5 Things to Know When Using Computerized Systems in Clinical Trials


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Technology is revolutionizing the clinical landscape. As the decentralization and virtualization of clinical trials becomes more commonplace — a trend hastened by the COVID-19 pandemic — clinical investigations are becoming more streamlined. Efficiencies that were once unimaginable are becoming standard practices. To keep pace with the evolution of clinical trials, organizations that conduct clinical investigations are increasing their investments in beneficial new technologies as never before, as indicated by a recent Greenphire survey that revealed 84% of sponsors and contract research organizations are actively seeking to boost their use of technology to better support decentralized clinical trials. (1)

“We’ve entered into a new era of clinical development, and things are changing with the virtualization of clinical trials,” said MaryAnne Rizk, Ph.D., chief strategy officer of the decentralized trial provider Medable. “We emphasize so much on speed and progression, but we also need to make sure that we’re improving the quality of data.” (2)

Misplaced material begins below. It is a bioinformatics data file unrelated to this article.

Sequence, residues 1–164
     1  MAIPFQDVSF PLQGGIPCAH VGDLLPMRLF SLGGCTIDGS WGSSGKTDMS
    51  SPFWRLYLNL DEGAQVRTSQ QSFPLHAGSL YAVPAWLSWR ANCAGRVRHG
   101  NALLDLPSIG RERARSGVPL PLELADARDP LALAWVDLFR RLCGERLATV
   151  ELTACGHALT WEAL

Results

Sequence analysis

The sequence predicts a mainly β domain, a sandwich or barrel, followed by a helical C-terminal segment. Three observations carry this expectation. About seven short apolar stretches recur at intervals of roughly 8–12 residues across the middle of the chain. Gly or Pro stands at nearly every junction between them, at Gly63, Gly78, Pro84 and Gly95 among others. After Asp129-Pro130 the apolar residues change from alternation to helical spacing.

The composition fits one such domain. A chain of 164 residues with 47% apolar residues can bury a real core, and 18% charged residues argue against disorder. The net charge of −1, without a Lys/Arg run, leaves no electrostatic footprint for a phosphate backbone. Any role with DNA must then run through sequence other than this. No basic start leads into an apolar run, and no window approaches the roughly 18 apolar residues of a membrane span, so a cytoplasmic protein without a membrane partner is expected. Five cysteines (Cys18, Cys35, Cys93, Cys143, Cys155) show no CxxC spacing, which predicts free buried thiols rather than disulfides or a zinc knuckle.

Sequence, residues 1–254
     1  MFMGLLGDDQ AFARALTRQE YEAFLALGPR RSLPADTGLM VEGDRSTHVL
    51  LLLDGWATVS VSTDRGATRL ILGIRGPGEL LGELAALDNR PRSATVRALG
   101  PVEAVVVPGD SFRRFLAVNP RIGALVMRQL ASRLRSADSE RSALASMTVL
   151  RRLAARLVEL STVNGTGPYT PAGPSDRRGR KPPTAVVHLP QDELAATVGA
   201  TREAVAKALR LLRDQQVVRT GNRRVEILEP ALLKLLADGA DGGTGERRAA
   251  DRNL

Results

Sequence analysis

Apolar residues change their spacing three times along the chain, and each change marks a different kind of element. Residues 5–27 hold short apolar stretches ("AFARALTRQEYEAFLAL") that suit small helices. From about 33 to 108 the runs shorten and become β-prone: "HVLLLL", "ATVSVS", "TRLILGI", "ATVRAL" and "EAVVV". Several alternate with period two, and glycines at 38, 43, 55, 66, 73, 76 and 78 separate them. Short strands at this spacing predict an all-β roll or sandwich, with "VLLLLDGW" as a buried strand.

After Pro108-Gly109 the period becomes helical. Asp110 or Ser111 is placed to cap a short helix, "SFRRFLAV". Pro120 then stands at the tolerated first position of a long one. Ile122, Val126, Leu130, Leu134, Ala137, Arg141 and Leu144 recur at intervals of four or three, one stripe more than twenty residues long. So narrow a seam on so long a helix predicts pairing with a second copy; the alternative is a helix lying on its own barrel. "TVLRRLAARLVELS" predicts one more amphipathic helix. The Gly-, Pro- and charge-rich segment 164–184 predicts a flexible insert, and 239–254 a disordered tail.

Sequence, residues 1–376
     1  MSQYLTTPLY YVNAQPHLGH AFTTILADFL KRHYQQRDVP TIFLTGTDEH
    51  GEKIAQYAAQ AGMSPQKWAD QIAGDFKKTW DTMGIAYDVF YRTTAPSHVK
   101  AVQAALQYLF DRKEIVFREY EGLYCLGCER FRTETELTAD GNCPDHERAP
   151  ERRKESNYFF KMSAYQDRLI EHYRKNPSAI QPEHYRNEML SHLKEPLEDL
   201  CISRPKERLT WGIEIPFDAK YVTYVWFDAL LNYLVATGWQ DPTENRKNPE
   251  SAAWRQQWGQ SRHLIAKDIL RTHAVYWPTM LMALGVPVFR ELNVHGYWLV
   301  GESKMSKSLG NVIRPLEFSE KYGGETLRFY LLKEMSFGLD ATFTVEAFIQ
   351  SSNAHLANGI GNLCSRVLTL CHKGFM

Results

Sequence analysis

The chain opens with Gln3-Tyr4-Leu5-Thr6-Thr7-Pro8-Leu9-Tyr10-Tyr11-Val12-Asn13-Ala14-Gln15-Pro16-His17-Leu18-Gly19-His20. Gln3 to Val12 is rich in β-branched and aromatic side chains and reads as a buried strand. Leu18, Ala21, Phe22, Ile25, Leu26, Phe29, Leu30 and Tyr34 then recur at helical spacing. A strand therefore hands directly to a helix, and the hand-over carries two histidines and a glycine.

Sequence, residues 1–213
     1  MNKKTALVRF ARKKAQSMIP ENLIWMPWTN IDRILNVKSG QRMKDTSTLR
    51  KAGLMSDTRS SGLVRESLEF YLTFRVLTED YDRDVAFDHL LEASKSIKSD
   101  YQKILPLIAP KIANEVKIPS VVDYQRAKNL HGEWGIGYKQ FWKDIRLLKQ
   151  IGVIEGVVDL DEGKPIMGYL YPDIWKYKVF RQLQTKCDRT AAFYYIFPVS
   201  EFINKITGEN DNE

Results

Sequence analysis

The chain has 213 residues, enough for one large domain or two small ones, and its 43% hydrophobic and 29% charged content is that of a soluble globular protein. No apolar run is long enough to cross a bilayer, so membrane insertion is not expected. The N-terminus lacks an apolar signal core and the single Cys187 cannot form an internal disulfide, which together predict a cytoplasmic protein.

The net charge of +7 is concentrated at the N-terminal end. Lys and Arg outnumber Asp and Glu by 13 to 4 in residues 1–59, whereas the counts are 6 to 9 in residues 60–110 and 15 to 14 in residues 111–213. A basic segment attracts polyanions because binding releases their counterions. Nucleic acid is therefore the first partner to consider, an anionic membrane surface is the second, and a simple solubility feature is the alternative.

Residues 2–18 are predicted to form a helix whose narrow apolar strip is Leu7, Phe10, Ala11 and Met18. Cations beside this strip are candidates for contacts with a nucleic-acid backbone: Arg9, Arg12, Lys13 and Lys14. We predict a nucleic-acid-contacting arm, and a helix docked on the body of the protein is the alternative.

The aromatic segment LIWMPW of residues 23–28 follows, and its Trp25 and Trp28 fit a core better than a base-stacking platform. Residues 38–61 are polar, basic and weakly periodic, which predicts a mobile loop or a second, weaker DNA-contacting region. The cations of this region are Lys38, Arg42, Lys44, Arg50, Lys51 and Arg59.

To help organizations ensure that the technologies they use in clinical activities maintain the highest levels of data quality and drive greater patient centricity, the U.S. Food and Drug Administration (FDA) has provided the Computerized Systems Used in Clinical Trials guidance. (3) The guidance document provides clinical organizations with a blueprint to help them ensure that their data is created, modified, maintained, archived, retrieved, and transmitted in a way that conforms with regulatory expectations. The following are the five most important aspects of the guidance that must be taken into consideration when using digital systems in clinical trials.